The wires from the fixture and the wires from the house will be joined by a wire cap that is just twisted on. Twist those off. The wires from the fixture will most likely be wrapped around the house wires and come apart pretty easily.

Put that light fixture in a place it won’t get broken so you can take it to your local Habitat for Humanity store, then get your pretty new fixture out. Unless you bought your pretty fixture second-hand, there will be helpful instructions in the box.

This post from The Family Handyman is also very helpful and has some additional trouble-shooting. We’re big fans of The Family Handyman around here.


Basically, you’re just matching wire colors. Then you’ll uncerimoniously shove the wires back into the box and screw the fixture to the mounting bracket. If your old fixture didn’t have a mounting bracket, a new one will come in your box or you can pick one up at your local hardware store.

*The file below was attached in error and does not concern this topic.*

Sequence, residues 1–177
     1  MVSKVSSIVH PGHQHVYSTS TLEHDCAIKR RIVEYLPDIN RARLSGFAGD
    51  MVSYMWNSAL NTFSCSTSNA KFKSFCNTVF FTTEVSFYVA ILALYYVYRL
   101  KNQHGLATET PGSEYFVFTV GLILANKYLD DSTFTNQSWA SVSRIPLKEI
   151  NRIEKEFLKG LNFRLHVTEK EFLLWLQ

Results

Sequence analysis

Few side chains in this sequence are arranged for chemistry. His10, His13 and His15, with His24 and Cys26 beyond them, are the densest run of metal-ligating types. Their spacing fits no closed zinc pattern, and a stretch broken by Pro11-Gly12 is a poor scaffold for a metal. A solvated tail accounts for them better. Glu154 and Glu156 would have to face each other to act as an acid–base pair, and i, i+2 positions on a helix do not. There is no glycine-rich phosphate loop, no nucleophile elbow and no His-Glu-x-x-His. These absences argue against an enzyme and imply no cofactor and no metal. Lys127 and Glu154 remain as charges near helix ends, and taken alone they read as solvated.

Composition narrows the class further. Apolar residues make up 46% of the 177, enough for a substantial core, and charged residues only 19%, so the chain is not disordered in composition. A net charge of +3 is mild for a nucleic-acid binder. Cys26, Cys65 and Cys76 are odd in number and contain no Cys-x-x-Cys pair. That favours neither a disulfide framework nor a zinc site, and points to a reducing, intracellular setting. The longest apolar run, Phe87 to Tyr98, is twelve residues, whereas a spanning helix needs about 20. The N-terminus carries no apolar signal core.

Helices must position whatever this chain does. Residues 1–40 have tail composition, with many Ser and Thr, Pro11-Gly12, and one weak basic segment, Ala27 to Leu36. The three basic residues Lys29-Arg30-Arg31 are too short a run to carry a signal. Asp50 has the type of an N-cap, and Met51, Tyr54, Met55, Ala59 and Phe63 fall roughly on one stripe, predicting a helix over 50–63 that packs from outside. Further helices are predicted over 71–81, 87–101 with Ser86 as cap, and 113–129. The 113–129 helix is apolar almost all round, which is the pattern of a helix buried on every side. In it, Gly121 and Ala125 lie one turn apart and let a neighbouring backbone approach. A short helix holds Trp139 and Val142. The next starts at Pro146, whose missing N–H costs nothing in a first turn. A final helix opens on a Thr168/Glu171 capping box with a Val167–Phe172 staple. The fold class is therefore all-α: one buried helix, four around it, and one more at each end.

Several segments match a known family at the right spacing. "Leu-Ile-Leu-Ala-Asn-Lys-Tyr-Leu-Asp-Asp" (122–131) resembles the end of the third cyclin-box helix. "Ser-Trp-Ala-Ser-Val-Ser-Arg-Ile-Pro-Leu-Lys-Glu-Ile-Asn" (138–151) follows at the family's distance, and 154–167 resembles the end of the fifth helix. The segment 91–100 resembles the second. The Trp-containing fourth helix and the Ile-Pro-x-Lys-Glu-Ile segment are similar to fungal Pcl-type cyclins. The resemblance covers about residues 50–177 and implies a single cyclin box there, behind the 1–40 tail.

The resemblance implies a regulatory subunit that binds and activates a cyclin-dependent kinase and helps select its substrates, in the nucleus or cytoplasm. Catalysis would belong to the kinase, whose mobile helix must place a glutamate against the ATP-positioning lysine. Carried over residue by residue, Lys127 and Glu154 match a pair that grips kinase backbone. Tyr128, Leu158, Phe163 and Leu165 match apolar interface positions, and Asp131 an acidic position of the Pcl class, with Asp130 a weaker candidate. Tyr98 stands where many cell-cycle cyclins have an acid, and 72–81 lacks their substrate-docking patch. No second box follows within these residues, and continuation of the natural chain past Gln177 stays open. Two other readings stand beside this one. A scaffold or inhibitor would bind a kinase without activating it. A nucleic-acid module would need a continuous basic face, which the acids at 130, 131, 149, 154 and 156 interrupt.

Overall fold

Nice work clothes.


Installing the missing bracket.


Connecting wires.


Shoving the wires into the box and a weird hair situation.


Ready to secure.


Pretty! And pretty easy. I bought my fixture from Home Depot from the comfort of our office chair. It was half price that day. I also looked at and was tempted by quite a few at overstock.com. Just do a little online shopping and find something you love at a price you love.

You can do this!






Pallet Board Backed Bookshelf

My husband made the mistake of mentioning he’d like a little project done in his office for Christmas. I took that to mean I had free reign in his space! He was going to be gone for a weekend, he’d been complaining about the TERRIBLE lighting in there, and I hated the ugly, mismatched metal desks he had. Plus, popcorn ceiling. Need I say more?

Of course my wheels started turning when he asked for a small shelf to store the router, modem, external hard drives, VOIP contraption, and the new internet controller we just got. I couldn’t help myself. I went into overdrive.

New desk made out of filing cabinets with a wood top.

New pretty light fixture.